Fig. 5
figure 5

Distribution of G’values on each chromosome (A) (p = 10 −12) and SSR bna108 marker pattern in the yellow and green plants (B)

Transcriptome analysis revealed DEGs related to the photosynthetic system

A total of 1273 differentially expressed genes were identified, of which 624 were upregulated and 649 were downregulated. Through KEGG analysis, it was found that the differentially expressed genes were mainly enriched in phenylpropane metabolism and sugar metabolism (Fig. 6). Among the differentially expressed genes related to the photosynthetic system, the expression of the BnaAnng22920D gene was severely reduced, and the expression levels of the BnaC02g42890D and BnaCnng19490D genes were both reduced to zero (Table 2). These genes encode the apoprotein Lhcb that binds to photosynthetic system I (PSI I), important constituent subunits of photosystem I reaction center subunit N (PSAN) and photosystem I reaction center subunit F (PSAF). The qRT–PCR results of the DEGs are shown in Fig. 7. The up- and downregulated genes are listed in supplementary files 2 and 3, respectively.

Fig. 6
figure 6

Scatter plot of KEGG pathway enrichment for DEGs

Table 2 Genes related to photosynthesis system in DEGs
Fig. 7
figure 7

Relative expression levels of DEGs related to the photosynthesis system tested by qRT–PCR in the WT and the Mut

Discussion

In our study, we mapped the mutant locus in Chr. A01, and the plant leaf remained yellow throughout the growth stage. BnaC.ygl had yellow green leaves, but the color changed to green at later stages, and the mutant locus was mapped to Chr. C06 [27]. A single dominant leaf color mutant was mapped to Chr. C08 [28]. A yellow-virescent gene regulating chlorophyll biosynthesis was mapped to A03, which was controlled by a single recessive nuclear gene [39]. BnChd1-1, one of the two recessive loci involved in chlorophyll biosynthesis in B. napus, was mapped to A01 [40]. Compared with the former mapped leaf color mutant in B. napus, our mutant was mapped to A01, the same chromosome of BnChd1-1, but the BnaA01.cd leaf color was more obvious than that of the WT, and there was no curl up in the adult leaf. Brassica napus is an allotetraploid, and it is difficult to derive a phenotype mutant because there are more gene family members than in diploid crops. Currently, there are fewer leaf color mutants in B. napus than in rice; thus, our mutant line and work will enrich leaf mutant resources, which will facilitate chloroplast development research.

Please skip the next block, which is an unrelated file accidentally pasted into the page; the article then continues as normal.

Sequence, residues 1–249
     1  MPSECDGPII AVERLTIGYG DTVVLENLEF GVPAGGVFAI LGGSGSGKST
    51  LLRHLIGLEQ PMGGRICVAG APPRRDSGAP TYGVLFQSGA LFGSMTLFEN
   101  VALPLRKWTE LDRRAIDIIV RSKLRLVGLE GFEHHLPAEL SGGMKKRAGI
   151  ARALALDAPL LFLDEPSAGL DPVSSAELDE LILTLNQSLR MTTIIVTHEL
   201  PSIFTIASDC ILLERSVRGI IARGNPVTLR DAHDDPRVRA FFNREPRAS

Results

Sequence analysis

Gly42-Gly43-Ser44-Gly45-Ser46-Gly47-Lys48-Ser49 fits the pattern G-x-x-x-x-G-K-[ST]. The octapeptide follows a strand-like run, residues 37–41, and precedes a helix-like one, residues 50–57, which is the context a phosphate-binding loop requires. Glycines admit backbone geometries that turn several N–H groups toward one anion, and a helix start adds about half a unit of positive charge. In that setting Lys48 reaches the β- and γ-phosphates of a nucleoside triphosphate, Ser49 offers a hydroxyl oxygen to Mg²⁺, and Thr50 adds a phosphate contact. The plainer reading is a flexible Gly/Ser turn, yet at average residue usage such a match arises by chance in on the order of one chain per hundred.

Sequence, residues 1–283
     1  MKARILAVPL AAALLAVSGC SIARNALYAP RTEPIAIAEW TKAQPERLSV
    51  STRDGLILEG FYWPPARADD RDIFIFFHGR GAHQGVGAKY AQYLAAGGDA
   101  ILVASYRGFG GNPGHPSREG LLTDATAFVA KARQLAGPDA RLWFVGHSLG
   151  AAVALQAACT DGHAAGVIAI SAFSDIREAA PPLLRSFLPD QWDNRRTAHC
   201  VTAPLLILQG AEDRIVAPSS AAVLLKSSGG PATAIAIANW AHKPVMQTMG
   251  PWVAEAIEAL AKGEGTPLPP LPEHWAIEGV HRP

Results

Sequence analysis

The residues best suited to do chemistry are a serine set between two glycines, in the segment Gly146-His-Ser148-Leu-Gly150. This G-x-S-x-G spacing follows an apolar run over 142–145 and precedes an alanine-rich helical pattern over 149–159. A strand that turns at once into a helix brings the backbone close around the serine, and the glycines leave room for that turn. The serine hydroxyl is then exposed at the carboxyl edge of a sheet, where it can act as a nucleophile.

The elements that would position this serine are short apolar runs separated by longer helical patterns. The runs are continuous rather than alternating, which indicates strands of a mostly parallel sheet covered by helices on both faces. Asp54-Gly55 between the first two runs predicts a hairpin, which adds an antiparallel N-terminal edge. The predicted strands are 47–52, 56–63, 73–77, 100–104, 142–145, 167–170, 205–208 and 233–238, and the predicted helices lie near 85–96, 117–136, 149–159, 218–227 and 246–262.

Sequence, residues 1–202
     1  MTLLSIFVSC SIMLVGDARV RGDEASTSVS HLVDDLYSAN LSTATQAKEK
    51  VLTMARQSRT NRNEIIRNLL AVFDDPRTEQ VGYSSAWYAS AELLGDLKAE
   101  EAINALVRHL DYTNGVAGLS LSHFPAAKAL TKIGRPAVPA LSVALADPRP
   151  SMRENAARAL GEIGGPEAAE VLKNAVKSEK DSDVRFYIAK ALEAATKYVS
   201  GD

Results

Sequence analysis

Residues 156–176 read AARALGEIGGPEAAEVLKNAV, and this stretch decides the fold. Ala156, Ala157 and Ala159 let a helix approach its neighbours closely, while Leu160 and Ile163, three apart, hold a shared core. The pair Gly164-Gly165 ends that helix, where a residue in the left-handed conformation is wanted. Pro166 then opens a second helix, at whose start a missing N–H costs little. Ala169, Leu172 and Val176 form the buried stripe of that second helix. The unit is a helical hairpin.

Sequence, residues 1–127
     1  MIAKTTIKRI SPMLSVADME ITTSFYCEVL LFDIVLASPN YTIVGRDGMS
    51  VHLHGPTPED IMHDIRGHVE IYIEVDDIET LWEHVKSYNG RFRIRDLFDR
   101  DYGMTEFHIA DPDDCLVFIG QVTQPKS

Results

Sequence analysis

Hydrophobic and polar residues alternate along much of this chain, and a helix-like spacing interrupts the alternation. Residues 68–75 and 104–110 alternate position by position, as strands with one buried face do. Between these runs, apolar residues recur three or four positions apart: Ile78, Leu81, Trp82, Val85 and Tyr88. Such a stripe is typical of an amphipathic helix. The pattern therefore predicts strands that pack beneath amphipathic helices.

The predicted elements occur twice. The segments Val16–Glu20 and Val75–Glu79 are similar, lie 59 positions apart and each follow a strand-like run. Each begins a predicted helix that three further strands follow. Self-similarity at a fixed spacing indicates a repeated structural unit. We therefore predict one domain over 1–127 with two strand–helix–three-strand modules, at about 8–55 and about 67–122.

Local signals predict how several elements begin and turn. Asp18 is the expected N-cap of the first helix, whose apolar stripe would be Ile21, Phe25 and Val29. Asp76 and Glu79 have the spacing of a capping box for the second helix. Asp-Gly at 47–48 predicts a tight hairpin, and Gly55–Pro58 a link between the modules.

Chlorosis is a phenotype of yellowish or light green leaf color and can be a genetic mutation or a sign of nutritional deficiency. The genetic mutation causing chlorosis in B. napus might only occur in the seedling stage or during the whole growth stage. All chlorosis showed reduced Chl. content and impaired light energy absorption during photosynthesis. Chlorophyll synthesis starts from the precursor glutamyl-tRNA, branched at protoIX. Magnesium chelatase, the key enzyme in this pathway, inserts magnesium atoms into protoIX synthesis, the direct precursor of Chl. a and Chl. b. In our chlorophyll synthetic precursor test, the contents of δ-aminolevulinic acid (ALA) and porphobilinogen (PBG) showed no significant difference between the mutant and WT, but the contents of Proto IX, Mg-proto IX, and Pchlide were significantly higher in the mutant. The accumulation of Proto IX, Mg-proto IX, and Pchlide not only impairs chlorophyll synthesis but might also increase ROS production under light illumination, which would be toxic for chlorophyll development [41, 42]. In the mutant, the chloroplast structure was dramatically changed, including an oval shape, fewer stromal lamellae and thylakoids, and more osmiophilic granules. These changes occurred in senescent leaves. In the moth orchid leaf mutant, the green leaf sector with typical chloroplasts, including well-organized thylakoids and starch grains, but the yellow leaf area with poor developed plastids and more osimiophilic granules [43]. There are more grana in the yellow-white leaf at advanced senescence compared with leaf for 6 days regreening [44]. In rice early senescence 2 (es2) mutant, more osmiophilic granules (OG) were found in es2 compared to wild type [45]. The SEM observations indicate that the mutant chloroplasts from young leaves might be in the senescence state.